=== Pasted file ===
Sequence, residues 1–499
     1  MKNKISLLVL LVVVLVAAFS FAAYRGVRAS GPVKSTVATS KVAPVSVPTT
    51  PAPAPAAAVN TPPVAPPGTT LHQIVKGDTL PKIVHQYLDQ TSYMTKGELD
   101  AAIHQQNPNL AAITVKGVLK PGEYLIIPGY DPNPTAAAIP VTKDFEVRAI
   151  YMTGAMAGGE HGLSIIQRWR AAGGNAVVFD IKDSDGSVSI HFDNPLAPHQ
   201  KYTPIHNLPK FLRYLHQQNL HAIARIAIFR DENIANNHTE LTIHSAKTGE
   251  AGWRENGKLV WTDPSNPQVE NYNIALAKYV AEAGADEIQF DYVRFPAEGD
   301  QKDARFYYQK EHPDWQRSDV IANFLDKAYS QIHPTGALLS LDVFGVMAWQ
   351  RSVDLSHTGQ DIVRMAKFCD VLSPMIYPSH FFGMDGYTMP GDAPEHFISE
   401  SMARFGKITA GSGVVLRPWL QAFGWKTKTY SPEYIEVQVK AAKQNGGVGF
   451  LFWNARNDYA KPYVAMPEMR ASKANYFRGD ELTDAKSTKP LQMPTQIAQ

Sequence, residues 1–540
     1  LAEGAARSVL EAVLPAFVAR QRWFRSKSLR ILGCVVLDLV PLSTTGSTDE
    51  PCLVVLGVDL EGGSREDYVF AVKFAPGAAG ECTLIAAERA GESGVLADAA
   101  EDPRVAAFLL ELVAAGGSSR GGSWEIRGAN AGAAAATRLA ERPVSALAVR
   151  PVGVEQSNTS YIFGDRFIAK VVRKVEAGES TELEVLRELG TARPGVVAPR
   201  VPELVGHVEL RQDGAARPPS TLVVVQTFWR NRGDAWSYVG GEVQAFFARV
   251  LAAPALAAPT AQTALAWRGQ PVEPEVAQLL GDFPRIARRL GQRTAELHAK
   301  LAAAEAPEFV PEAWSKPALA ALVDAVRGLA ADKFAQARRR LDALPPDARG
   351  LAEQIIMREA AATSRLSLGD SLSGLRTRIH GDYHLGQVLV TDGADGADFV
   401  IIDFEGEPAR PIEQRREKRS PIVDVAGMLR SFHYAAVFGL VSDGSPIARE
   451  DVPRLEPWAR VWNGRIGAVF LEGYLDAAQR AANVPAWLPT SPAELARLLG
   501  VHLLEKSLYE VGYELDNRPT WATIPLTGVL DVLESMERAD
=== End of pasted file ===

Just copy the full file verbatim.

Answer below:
Sequence, residues 1–499
     1  MKNKISLLVL LVVVLVAAFS FAAYRGVRAS GPVKSTVATS KVAPVSVPTT
    51  PAPAPAAAVN TPPVAPPGTT LHQIVKGDTL PKIVHQYLDQ TSYMTKGELD
   101  AAIHQQNPNL AAITVKGVLK PGEYLIIPGY DPNPTAAAIP VTKDFEVRAI
   151  YMTGAMAGGE HGLSIIQRWR AAGGNAVVFD IKDSDGSVSI HFDNPLAPHQ
   201  KYTPIHNLPK FLRYLHQQNL HAIARIAIFR DENIANNHTE LTIHSAKTGE
   251  AGWRENGKLV WTDPSNPQVE NYNIALAKYV AEAGADEIQF DYVRFPAEGD
   301  QKDARFYYQK EHPDWQRSDV IANFLDKAYS QIHPTGALLS LDVFGVMAWQ
   351  RSVDLSHTGQ DIVRMAKFCD VLSPMIYPSH FFGMDGYTMP GDAPEHFISE
   401  SMARFGKITA GSGVVLRPWL QAFGWKTKTY SPEYIEVQVK AAKQNGGVGF
   451  LFWNARNDYA KPYVAMPEMR ASKANYFRGD ELTDAKSTKP LQMPTQIAQ

Sequence, residues 1–540
     1  LAEGAARSVL EAVLPAFVAR QRWFRSKSLR ILGCVVLDLV PLSTTGSTDE
    51  PCLVVLGVDL EGGSREDYVF AVKFAPGAAG ECTLIAAERA GESGVLADAA
   101  EDPRVAAFLL ELVAAGGSSR GGSWEIRGAN AGAAAATRLA ERPVSALAVR
   151  PVGVEQSNTS YIFGDRFIAK VVRKVEAGES TELEVLRELG TARPGVVAPR
   201  VPELVGHVEL RQDGAARPPS TLVVVQTFWR NRGDAWSYVG GEVQAFFARV
   251  LAAPALAAPT AQTALAWRGQ PVEPEVAQLL GDFPRIARRL GQRTAELHAK
   301  LAAAEAPEFV PEAWSKPALA ALVDAVRGLA ADKFAQARRR LDALPPDARG
   351  LAEQIIMREA AATSRLSLGD SLSGLRTRIH GDYHLGQVLV TDGADGADFV
   401  IIDFEGEPAR PIEQRREKRS PIVDVAGMLR SFHYAAVFGL VSDGSPIARE
   451  DVPRLEPWAR VWNGRIGAVF LEGYLDAAQR AANVPAWLPT SPAELARLLG
   501  VHLLEKSLYE VGYELDNRPT WATIPLTGVL DVLESMERAD